T-lymphocyte-directed gene therapy has potential as a treatment of subjects with immunological disorders. One current limitation of this therapeutic strategy is low gene transfer efficiency, even when complex procedures are used. We report herein that a recombinant Sendai virus vector (SeV) was able to overcome this issue. Using jellyfish enhanced green fluorescent protein gene (EGFP), we found that SeV was able to transduce and express a foreign gene specifically and efficiently in activated murine and human T cells, but not in naive T cells, without centrifugation or reagents including polybrene and protamine sulfate; the present findings were in clear contrast to those demonstrated with the use of retroviruses. The transduction was selective in antigen-activated T cells, while antigen-irrelevant T cells were not transduced, even under bystander activation from specific T-cell responses by antigens ex vivo. Receptor saturation studies suggested a possible mechanism of activated T-cell-specific gene transfer, ie, SeV might attach to naive T cells but might be unable to enter their cytoplasm. We therefore propose that the SeV vector system may prove to be a potentially important alternative in the area of T-cell-directed gene therapy used in the clinical setting.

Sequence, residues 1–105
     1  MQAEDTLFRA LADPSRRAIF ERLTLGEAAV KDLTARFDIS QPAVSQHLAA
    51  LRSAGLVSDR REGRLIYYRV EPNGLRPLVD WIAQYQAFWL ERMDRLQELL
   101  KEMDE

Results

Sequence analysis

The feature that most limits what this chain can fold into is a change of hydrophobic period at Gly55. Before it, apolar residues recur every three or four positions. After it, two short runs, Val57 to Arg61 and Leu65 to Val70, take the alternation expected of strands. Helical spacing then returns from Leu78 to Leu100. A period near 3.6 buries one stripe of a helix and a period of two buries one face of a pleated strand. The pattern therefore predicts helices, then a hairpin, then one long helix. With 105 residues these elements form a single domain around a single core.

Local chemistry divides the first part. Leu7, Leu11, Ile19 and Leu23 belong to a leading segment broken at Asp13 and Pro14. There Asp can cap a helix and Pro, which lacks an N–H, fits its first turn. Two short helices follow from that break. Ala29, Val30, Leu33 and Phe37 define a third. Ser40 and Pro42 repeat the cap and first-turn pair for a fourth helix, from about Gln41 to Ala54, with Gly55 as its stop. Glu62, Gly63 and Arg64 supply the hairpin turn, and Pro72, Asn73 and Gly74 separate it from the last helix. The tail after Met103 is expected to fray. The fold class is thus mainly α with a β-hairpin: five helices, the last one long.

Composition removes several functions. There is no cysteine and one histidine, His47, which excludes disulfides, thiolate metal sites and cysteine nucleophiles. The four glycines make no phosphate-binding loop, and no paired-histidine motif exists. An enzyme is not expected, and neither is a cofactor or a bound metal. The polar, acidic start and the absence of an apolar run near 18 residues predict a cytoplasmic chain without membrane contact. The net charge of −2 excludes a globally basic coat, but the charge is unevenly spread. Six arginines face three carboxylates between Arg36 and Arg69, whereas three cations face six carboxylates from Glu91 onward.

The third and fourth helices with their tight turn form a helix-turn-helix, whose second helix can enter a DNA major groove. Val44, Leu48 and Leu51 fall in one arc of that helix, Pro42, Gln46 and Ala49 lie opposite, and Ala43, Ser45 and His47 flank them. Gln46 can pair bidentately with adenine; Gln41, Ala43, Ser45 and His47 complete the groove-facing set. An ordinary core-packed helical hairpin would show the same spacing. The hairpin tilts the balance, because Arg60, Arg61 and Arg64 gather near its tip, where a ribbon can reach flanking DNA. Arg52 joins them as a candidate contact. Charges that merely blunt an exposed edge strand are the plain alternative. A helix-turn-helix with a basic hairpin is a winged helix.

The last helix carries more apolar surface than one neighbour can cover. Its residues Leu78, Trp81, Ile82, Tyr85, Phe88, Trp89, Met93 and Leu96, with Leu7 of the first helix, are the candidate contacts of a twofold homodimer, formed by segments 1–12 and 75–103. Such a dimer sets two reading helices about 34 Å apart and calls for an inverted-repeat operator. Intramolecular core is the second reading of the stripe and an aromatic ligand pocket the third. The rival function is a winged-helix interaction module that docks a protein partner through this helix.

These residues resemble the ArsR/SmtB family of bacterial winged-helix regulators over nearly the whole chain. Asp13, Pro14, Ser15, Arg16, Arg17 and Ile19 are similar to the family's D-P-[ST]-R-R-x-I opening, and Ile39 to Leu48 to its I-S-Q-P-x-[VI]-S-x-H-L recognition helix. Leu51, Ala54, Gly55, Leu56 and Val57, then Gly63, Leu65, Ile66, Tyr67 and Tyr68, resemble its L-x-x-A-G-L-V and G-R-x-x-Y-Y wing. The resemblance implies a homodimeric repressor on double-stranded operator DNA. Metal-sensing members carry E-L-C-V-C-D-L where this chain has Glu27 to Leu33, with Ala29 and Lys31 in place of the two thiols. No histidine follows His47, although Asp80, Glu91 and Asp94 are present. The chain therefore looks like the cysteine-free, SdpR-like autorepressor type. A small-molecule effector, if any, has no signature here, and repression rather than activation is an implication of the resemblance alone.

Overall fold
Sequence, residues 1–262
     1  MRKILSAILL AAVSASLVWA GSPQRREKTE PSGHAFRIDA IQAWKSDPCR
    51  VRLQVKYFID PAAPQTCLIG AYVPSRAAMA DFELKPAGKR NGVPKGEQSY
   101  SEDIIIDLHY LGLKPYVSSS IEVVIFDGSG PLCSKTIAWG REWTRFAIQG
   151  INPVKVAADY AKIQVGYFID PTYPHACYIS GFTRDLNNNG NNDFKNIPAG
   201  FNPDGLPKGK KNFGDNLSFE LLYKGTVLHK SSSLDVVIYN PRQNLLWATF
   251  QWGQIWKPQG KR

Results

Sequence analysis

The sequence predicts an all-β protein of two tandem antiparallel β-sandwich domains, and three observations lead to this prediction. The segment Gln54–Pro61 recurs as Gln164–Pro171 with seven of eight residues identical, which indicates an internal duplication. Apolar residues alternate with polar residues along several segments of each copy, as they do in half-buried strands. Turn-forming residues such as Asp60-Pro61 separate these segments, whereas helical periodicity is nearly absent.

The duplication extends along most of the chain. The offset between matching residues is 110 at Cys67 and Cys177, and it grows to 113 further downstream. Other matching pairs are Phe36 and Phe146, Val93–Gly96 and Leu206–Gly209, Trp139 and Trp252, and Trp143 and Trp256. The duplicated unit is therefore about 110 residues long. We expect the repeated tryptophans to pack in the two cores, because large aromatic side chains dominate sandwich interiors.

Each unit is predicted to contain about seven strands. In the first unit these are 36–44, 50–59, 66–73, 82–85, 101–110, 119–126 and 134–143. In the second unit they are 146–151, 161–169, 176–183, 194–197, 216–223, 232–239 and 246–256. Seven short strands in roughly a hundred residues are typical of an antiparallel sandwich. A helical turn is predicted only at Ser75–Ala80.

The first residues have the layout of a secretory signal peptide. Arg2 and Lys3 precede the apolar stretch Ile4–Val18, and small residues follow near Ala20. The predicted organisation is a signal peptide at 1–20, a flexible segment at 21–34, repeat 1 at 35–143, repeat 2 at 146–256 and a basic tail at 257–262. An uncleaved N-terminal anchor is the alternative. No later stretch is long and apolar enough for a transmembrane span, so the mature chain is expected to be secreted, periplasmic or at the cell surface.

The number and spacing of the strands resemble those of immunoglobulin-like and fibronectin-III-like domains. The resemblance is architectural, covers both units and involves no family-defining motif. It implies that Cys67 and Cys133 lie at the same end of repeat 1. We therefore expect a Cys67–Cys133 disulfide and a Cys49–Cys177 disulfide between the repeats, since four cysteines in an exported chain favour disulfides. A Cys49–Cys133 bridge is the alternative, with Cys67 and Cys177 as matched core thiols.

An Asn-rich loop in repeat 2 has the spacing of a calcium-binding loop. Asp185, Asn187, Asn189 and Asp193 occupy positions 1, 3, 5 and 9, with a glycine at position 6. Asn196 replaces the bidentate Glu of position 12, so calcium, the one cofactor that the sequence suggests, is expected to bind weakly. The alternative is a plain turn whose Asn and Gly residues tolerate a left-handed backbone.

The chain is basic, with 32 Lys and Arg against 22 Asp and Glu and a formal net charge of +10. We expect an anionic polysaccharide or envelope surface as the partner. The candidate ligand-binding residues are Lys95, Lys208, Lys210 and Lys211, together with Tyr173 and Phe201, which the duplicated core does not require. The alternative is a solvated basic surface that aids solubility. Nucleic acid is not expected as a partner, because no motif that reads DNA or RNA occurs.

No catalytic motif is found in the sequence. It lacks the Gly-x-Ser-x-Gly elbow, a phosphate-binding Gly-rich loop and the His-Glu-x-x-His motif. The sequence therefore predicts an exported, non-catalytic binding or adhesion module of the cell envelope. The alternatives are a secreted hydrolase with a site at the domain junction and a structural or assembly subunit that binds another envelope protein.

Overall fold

All Science Journal Classification (ASJC) codes
- Molecular Medicine
- Molecular Biology